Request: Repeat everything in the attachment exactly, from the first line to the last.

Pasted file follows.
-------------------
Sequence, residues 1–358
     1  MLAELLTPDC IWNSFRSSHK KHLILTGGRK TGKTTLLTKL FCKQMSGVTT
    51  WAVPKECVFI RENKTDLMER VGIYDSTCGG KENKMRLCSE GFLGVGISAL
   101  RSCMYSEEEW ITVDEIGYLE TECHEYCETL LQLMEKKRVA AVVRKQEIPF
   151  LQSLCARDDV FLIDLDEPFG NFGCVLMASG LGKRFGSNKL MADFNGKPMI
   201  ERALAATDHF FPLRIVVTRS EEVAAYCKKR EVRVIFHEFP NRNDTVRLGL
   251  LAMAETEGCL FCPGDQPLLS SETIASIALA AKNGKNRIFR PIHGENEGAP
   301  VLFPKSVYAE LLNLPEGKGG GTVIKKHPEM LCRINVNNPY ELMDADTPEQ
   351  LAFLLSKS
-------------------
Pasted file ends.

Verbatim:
Sequence, residues 1–358
     1  MLAELLTPDC IWNSFRSSHK KHLILTGGRK TGKTTLLTKL FCKQMSGVTT
    51  WAVPKECVFI RENKTDLMER VGIYDSTCGG KENKMRLCSE GFLGVGISAL
   101  RSCMYSEEEW ITVDEIGYLE TECHEYCETL LQLMEKKRVA AVVRKQEIPF
   151  LQSLCARDDV FLIDLDEPFG NFGCVLMASG LGKRFGSNKL MADFNGKPMI
   201  ERALAATDHF FPLRIVVTRS EEVAAYCKKR EVRVIFHEFP NRNDTVRLGL
   251  LAMAETEGCL FCPGDQPLLS SETIASIALA AKNGKNRIFR PIHGENEGAP
   301  VLFPKSVYAE LLNLPEGKGG GTVIKKHPEM LCRINVNNPY ELMDADTPEQ
   351  LAFLLSKS